State of DevOps Report – Metrics and Capabilities for Elite Performance DevOps

Google research identifies the metrics and capabilities of elite performing DevOps teams.

This entry is part 5 of 8 in the series DevOps Metrics for High Performance

Google publishes the Accelerate State of DevOps report (2023 version).

Over the past seven years, more than 32,000 professionals worldwide have taken part, making it the largest and longest-running research of its kind.

The report identified four metrics to classify teams as elite, high, medium or low performers based on their software delivery:

  • Deployment frequency.
  • Lead time for changes.
  • Mean-time-to-restore.
  • Change fail rate.


They identify four key metrics of high performance delivery, which can be considered in terms of two core objectives: Throughput and stability – How fast reliable code can be developed.

These are measured through i) lead time of code changes (time from code commit to release in production) and deployment frequency, and ii) time to restore a service after an incident and change failure rate.

Elite performers have control over their environment such that only 0-15% of their new changes cause failures, versus 16-30% for the others.

They also deploy new releases much more frequently and can do so in less than an hour. The metrics we described above provide the measurement and management framework needed to improve along with these scales and mature from Low to Elite performance levels.

High Performance Practices

They identify the following technical practices as key to achieving this high performance DevOps:

  • Loosely coupled architecture – Teams that can scale, fail, test and deploy independently of one another. They work at their own pace and in smaller batches, accrue less technical debt and recover faster from failure.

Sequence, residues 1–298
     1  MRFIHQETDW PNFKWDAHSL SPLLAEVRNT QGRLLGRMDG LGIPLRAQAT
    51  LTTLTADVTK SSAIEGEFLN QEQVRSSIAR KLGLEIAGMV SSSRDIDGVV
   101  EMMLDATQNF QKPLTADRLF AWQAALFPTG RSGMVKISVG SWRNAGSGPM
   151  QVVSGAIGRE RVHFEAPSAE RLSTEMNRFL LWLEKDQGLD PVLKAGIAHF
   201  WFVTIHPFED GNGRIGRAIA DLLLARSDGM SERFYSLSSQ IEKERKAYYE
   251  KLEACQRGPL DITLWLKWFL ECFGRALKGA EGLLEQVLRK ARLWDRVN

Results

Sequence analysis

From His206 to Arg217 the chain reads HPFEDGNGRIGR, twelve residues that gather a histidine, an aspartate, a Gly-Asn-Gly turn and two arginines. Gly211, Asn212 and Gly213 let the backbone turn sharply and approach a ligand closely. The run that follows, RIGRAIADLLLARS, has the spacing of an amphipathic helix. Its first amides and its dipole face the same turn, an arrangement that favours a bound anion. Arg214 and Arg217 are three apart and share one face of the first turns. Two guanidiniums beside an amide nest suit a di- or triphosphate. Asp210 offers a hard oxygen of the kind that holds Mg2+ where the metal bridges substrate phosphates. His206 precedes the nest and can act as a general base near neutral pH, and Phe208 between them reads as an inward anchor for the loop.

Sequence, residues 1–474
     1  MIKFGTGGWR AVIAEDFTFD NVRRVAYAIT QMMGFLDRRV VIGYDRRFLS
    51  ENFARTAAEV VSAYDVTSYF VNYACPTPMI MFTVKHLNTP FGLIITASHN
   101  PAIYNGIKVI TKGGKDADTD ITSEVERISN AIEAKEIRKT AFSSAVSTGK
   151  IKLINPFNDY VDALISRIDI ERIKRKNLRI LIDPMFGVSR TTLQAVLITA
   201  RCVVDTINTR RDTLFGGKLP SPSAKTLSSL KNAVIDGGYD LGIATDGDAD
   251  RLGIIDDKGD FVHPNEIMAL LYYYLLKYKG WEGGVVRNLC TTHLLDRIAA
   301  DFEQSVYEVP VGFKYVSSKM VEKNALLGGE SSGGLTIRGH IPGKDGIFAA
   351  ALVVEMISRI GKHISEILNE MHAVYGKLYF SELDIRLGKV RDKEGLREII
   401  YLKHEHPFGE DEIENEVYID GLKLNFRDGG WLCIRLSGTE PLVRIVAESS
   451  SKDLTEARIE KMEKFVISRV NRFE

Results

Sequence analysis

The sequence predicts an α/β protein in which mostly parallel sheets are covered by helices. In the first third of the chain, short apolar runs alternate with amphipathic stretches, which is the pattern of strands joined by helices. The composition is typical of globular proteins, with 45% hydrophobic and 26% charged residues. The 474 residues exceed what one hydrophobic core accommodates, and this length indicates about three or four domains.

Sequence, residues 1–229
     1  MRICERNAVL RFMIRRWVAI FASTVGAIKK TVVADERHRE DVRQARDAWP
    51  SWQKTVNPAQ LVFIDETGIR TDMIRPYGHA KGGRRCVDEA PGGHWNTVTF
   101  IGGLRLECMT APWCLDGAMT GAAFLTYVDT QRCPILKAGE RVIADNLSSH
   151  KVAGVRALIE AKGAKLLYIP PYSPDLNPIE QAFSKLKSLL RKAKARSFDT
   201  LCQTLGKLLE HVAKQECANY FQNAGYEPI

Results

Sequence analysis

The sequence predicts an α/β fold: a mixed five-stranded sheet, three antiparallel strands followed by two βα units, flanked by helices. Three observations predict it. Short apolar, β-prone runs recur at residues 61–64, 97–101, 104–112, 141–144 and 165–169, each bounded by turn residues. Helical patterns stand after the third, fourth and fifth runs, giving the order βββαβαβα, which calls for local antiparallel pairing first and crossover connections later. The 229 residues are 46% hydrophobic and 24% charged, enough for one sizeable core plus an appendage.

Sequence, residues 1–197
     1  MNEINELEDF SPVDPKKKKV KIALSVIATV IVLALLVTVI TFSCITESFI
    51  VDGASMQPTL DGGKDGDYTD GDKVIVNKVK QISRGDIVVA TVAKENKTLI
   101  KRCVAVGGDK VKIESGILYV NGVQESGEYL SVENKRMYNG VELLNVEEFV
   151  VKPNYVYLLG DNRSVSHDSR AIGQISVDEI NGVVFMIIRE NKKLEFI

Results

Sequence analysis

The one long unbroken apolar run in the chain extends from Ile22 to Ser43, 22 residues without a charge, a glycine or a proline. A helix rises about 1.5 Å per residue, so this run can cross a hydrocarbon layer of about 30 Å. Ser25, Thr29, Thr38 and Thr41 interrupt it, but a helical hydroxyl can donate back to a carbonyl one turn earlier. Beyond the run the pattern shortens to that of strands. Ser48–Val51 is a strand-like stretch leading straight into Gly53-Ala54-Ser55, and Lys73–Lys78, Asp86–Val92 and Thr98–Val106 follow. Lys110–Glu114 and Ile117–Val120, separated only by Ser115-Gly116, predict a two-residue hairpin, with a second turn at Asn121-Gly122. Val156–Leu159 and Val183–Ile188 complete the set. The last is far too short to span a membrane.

• Continuous integration and testing – Elite performers are 3.7 times more likely to leverage continuous testing. By incorporating early and frequent testing throughout the delivery process, with testers working alongside developers throughout, teams can iterate and make changes to their product, service, or application more quickly.
  • Trunk-based development – Developers work in small batches and merge their work into a shared trunk frequently. Elite performers who meet their reliability targets are 2.3 times more likely to use trunk-based development.
  • Deployment automation – When you move software from testing to production in an automated way, you decrease lead time by enabling faster and more efficient deployments. You also reduce the likelihood of deployment errors, which are more common in manual deployments.
  • Database change management – Tracking changes through version control is a crucial part of writing and maintaining code, and for managing databases. Elite performers who meet their reliability targets
    are 3.4 times more likely to exercise database change management compared to their low-performing counterparts.
  • Monitoring and observability – Elite performers who successfully meet their reliability targets are 4.1 times more likely to have solutions that incorporate observability into overall system health. Observability practices give your teams a better understanding of your systems, which decreases the time it takes to identify and troubleshoot issues

Adoption of continuous practices ranges across the scale, with almost half saying they have been able to implement continuous integration, but it then drops away as they assess continuous delivery and then deployment maturity. Only a third of respondents said they deploy new code at least once per week, and almost half still deploy less than once per month. The number of teams that deploy new code daily or multiple times a day (15%) is roughly equivalent to those that deploy code on a quarterly basis (16%).

The most widely used DevOps tools are GitHub, Jenkins, GitLab, Azure Pipelines and Bitbucket. The most widely automated tests are user interface (UI)/functional and unit tests, followed by regression and integration testing, using tools including Selenium, Cypress, Postman, SoapUI and homegrown tools.

Series Navigation<< DevOps Metrics We Love – IBMImplementing DORA Metrics: A Developers Perspective >>

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